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HOME : Pre-Columbian Art : Archive : Tairona Gold Pendant
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Tairona Gold Pendant - AM.0451
Origin: Columbia
Circa: 900 AD to 1200 AD
Dimensions: 1.65" (4.2cm) high x 1.2" (3.0cm) wide
Collection: Pre-Columbian
Medium: Gold


Additional Information: SOLD

Location: Great Britain
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Description
At the time of the Spanish Conquest of the Americas, in the Sierra Nevada mountain chain of northern Colombia, a lively metallurgical tradition among the Chibcha-speaking Tairona. The Tairona culture began their process of consolidation as a social and political entity in the first centuries after Christ, reaching their apex of development after 1000 A.D. when dense populations were grouped together in many urban centers. Today, over two hundred Tairona sites are known, ranging from the coastal lowlands to the heights of the mountains. Settlements of varying sizes reflect a hierarchical political order; several large centers controlled numerous smaller ones, through a chiefly and priestly elite. Tairona goldwork reveals a complex iconography often combining both animal and human features. The Kogi people of the Sierra Nevadas, modern descendents of the Tairona, do not value gold, or other metal and gems for that matter, as indicators of wealth and personal prestige. For them, gold is a symbol of potential fertility belonging to all members of their society. The sun, the penultimate procreating force, transmits its power to gold, presumably endowing the metal with its yellowish hue. We can presume that the Tairona originally viewed gold much the same way, as ornaments charged with potent symbolism relating to the continuation of life.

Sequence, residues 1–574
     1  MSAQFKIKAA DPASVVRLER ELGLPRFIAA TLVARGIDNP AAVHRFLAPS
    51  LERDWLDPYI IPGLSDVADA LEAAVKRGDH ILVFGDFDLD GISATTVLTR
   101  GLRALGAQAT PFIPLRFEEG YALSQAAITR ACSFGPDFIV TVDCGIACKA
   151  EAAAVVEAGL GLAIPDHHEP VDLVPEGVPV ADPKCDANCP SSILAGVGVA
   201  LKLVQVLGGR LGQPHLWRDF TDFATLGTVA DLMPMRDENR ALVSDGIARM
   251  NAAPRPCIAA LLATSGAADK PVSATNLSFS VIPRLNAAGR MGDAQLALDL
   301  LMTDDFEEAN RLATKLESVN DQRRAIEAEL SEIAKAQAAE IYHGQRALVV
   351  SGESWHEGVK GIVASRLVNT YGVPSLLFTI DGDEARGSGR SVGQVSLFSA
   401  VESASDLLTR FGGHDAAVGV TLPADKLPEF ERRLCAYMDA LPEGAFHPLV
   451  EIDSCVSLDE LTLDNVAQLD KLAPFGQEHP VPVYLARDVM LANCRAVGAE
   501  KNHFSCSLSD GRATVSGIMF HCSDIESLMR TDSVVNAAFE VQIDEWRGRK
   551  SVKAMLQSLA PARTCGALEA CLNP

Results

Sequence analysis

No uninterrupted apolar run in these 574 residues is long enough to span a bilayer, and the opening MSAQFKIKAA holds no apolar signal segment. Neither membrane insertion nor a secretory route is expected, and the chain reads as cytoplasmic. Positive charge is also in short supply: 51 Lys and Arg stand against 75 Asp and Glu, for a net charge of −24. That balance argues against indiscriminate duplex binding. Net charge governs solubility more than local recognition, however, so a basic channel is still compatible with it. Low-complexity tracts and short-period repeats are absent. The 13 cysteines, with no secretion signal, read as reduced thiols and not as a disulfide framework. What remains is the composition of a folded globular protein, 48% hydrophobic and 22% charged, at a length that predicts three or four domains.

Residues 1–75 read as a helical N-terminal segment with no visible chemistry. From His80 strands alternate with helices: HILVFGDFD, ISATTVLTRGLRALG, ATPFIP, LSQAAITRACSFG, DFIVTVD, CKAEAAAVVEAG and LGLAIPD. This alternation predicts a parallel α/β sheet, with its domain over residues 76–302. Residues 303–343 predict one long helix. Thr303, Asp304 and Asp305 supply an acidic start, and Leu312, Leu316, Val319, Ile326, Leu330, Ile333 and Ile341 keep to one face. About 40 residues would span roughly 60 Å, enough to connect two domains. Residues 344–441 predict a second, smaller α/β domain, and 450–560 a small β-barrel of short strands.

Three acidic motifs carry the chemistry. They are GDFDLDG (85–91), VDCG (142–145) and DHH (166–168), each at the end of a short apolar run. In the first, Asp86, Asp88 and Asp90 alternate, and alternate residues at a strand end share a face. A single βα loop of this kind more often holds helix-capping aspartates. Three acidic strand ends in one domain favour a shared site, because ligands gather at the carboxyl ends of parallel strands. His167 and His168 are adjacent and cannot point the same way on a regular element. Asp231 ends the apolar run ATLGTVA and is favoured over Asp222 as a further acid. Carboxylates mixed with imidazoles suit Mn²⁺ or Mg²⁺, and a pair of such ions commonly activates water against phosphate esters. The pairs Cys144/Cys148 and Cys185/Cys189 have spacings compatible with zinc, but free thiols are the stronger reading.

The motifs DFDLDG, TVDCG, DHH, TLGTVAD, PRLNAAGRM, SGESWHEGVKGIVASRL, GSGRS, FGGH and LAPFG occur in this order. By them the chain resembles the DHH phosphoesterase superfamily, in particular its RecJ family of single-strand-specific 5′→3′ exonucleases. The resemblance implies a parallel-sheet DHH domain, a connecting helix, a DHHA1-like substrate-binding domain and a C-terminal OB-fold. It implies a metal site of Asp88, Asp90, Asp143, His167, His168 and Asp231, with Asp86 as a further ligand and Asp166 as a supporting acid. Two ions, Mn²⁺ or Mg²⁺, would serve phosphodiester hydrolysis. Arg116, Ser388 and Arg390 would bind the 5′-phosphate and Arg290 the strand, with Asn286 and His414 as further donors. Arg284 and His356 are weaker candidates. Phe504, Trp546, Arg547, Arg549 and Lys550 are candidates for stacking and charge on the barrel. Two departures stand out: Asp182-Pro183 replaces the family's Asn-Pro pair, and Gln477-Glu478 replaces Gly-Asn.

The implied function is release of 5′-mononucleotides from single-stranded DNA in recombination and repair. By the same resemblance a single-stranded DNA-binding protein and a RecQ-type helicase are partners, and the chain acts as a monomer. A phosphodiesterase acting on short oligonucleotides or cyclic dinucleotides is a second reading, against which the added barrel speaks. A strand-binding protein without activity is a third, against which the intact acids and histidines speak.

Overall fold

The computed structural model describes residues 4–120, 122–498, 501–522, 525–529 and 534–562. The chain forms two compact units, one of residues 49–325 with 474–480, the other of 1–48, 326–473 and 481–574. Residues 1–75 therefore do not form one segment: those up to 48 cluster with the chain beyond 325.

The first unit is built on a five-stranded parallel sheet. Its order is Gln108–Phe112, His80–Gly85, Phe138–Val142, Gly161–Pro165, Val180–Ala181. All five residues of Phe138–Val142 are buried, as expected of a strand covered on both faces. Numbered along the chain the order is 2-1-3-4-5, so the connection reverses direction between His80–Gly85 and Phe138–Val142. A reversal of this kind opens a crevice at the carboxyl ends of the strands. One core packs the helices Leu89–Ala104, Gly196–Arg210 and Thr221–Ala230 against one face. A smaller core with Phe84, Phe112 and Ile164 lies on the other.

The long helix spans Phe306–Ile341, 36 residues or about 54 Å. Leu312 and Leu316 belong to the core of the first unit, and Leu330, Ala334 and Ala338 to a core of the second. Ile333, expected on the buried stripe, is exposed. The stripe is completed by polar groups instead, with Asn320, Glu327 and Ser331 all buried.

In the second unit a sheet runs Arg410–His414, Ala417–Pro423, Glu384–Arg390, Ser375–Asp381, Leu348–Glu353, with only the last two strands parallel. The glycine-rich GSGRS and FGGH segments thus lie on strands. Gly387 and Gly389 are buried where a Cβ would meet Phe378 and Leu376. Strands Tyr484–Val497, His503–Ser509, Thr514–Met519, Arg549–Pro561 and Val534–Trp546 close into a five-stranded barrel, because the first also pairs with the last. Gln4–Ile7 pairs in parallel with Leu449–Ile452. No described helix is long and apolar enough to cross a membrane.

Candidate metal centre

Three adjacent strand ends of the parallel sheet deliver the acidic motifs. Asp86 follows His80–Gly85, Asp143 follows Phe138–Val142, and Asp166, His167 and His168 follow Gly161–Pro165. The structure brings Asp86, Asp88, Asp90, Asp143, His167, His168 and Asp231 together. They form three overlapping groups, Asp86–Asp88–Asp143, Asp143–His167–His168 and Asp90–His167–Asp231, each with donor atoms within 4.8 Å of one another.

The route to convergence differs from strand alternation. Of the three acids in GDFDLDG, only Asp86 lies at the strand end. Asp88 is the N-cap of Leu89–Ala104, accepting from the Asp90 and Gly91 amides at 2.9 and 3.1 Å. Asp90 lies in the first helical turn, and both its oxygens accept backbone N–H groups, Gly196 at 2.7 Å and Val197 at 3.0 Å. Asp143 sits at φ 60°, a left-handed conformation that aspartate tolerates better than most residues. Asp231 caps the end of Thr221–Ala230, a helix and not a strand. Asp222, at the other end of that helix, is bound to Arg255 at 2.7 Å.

Gazing upon this gold sculpture of a squatting man, we can identify certain emotions we recognize from our own lives: perseverance in the face of exhaustion. Carrying a large woven basket upon his back (fantastically rendered by a series of spiraling gold coils), he appears to have momentarily rested and, having caught his breath, prepares to prop himself back upon his feet and continue with his journey. Although naked, he is adorned with bracelets, anklets, and a thick necklace. A strap supporting the basket wraps around his forehead like a headband. Most remarkable, he wears a nose ornament not unlike those actual examples that have survived the Spanish Conquest. With two loop rings attached to his shoulders, this pendant would have likely been strung upon a necklace and worn during long-forgotten ancient ceremonies. - (AM.0451)

 

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